I saw no whales on my trip unfortunately, and am no more in search of glory than was Jonah. But I gave up financial security to find a different way of life of which this UK circumnavigation is only the start. I am just as uncertain about the future as I was when I stopped consulting work in 2008. But if my soul was ever really fettered to the office stool, it was only by force of habit. I have broken the habit, given up the managerial weed, and it is great! No nicotine substitutes, just breathing freely again and coming back to life. I have more optimism, more daily joie de vivre and more certainty in myself than I have felt in so many years that I refuse to count. Whatever qualms and practical issues remain to be sorted out, without those ingredients, the prospect of a secure future is not enough. Nevertheless, the end of the trip is the moment to take stock.
After a lot of work to physically prepare, I was more robust when I set out than I had been in decades, and happy with the fresh air: not exactly renewed youth, but something like it. Robustness was needed for the time in the cockpit in all weathers with the inevitability of getting wet. Some strength was required, whether for hanging on to the mast in a swell, releasing a sheet knotted onto the winch, manipulating the sails with unexpected wind in them, heaving the dinghy about or hauling up anchors. I had to be limber to climb dock ladders, scramble across rafted-up vessels, or clamber in and out of the lazarette to make repairs; even to go to bed, because on a Corribee, it is always a climb, scramble, clamber or squeeze. Routine re-established itself as the days passed and I have written of how I lost form: yachting will not suffice without a little more scorn of delights and living of laborious days. But that is not hard to address in good spirits, and I slept good nights in a hard berth at the end, compared with cursed, crippling, disastrous sleeplessness two years earlier.
However, the amount of idle, unplanned time in port was a waste from any point of view. I did some tourism and had enough maintenance to do to make use of my time on the east coast. As the trip went on, I did less with my shore time even though I had more of it, although the boat arrived back in better repair than it started out. I am no tourist by preference. Sight-seeing and a dose of history is an occasional leisure distraction, not welcome daily fare. I have spent a lot of my life away from home, but settled long enough know each locality as an inhabitant, albeit a transient one. I am used to taking my home with me, but that was not the case on Elektra which is too small to be organised as a home – everything had to be carefully stowed in waterproof bags, and books and music were inaccessible and unused. I spent little time on board when berthed except to sleep, something to note in the fit-out of any boat as a genuine, longer-term home.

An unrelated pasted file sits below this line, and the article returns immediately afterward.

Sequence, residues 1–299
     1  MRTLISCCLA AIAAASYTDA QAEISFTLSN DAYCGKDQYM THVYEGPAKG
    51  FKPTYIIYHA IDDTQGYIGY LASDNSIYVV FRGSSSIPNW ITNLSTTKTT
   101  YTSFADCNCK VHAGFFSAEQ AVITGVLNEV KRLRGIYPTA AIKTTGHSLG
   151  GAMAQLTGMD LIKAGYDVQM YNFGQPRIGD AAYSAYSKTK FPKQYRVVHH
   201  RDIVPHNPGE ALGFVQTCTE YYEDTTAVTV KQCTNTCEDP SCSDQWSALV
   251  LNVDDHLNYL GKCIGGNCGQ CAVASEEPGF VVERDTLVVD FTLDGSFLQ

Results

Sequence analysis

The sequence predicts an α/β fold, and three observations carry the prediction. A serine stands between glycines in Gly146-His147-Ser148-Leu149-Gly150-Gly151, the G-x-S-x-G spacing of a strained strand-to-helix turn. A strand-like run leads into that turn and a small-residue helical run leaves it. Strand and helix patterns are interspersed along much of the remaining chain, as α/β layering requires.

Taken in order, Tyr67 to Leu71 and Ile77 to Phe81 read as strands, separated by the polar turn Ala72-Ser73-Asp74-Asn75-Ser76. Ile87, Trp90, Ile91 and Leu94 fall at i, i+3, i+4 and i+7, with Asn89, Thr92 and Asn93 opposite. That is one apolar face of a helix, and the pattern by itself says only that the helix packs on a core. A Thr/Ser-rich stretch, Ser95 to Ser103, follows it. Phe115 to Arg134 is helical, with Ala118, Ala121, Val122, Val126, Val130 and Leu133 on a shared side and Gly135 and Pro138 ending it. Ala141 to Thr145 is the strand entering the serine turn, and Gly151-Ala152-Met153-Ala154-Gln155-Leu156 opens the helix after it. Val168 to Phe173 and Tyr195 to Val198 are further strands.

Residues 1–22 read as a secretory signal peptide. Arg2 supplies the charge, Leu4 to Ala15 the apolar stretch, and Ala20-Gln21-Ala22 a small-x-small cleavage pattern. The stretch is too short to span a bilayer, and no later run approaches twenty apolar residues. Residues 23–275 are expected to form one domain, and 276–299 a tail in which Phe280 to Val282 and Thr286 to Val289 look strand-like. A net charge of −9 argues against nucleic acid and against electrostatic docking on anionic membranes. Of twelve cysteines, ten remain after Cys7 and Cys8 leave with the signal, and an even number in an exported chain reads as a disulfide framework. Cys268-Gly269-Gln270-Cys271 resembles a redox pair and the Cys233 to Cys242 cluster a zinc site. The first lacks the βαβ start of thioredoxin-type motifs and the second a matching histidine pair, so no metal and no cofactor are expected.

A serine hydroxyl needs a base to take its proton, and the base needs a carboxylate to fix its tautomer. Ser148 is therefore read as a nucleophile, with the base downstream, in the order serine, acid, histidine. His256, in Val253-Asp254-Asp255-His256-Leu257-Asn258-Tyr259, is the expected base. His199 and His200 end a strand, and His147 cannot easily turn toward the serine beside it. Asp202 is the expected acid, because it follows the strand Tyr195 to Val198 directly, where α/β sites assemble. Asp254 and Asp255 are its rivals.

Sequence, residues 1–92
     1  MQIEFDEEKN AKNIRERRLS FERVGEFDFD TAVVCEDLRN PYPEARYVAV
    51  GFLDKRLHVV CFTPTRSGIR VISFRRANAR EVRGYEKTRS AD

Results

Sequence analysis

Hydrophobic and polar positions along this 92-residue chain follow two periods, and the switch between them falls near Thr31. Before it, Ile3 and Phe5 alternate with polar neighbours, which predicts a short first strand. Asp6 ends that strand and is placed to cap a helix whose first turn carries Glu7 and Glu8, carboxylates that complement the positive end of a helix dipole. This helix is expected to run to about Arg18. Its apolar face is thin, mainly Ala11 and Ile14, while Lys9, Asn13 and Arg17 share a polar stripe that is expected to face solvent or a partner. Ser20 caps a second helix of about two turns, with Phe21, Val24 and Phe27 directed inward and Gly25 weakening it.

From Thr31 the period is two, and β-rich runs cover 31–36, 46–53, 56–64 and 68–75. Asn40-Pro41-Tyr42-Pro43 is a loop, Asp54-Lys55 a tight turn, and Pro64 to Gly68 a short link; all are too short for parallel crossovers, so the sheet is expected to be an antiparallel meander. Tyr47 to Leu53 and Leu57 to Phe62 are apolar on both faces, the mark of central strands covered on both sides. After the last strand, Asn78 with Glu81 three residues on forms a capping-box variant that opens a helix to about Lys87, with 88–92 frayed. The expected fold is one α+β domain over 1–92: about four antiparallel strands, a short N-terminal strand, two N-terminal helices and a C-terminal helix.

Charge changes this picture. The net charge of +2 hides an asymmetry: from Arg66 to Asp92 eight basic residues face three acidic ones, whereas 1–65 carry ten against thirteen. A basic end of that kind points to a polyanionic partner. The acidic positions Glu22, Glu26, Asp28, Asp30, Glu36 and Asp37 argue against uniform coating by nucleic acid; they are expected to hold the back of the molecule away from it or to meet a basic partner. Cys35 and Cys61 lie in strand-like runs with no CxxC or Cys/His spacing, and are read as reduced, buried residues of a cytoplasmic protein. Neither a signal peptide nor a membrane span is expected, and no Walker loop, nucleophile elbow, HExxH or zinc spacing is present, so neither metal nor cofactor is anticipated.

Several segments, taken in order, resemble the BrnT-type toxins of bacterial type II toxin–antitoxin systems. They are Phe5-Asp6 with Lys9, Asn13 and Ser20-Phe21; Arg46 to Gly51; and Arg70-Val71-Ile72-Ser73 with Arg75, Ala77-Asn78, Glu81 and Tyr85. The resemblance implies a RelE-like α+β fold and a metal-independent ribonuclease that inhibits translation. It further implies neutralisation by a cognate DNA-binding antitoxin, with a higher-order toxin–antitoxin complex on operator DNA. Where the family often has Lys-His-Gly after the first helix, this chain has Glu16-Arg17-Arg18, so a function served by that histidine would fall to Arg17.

A related matter is individual self-sufficiency, the amount of contact with other people, my most intangible concern in solo long-distance yachting. I am used to my own company, and the man in the mirror has few mysteries; certainly not a true ‘loner’, needing a balance between time alone and with others. My coastal adventure was not the test that solo trans-oceanic sailing is, but the obvious solution of sailing with crew has plenty to be said for and against, about which this trip brings no insight. So I have no ‘answer’, thank goodness. It is one of the uncertainties in throwing over a conventional career for a more unpredictable life. Perhaps the next challenge will clarify it.
However, introspection is not the activity by which the hours and months are passed at sea. My account is full of the practical issues which become the day to day concern of the yachtsman. Yet I hope that the reader has also seen through my eyes and words how a grey sky on a restless sea restores the soul as richly as a blue lagoon under the afternoon sun; how the starlight of nights without sight of life or land remains brilliant in the ordinary matter of memory; how the thought of a sharp breeze in the cockpit, spray on the air and hot tea on the tongue causes the nostrils to flare even in the fug of the coffee shop, and puts a fidget into the seat that does not go away until I do.
I have no better conclusion to offer than the sheer joy of it. My story is from the waterside… and the tide is still rising.
My ports of call:
- Gosport, Haslar marina, the start and end of the voyage.
- Eastbourne (Sovereign marina)
- Felixstowe Ferry (River Deben)
- Wells-next-the Sea
- Grimsby & Spurn Head
- West Hartlepool
- Low Newton-by-the-Sea
- Muir Town Basin (Caledonian Canal)
- Dochgarroch (Caledonian Canal)
- Fort Augustus (Caledonian Canal)
- Gairlochy (Caledonian Canal)
- Corpach (Caledonian Canal exit)
- Crinan (Canal entrance)
- Ardrishaig (Crinan Canal exit)
- Lochranza (Arran)
- Bangor (Belfast Lough)
- Peel (Isle of Man)
- Port St.Mary
- Milford Haven & Dale
- Newlyn (Lands End)
- Newton Ferrers (to visit friends)
- West Bay (Bridport)
- Yarmouth (Isle of Wight)
(From there back to Gosport)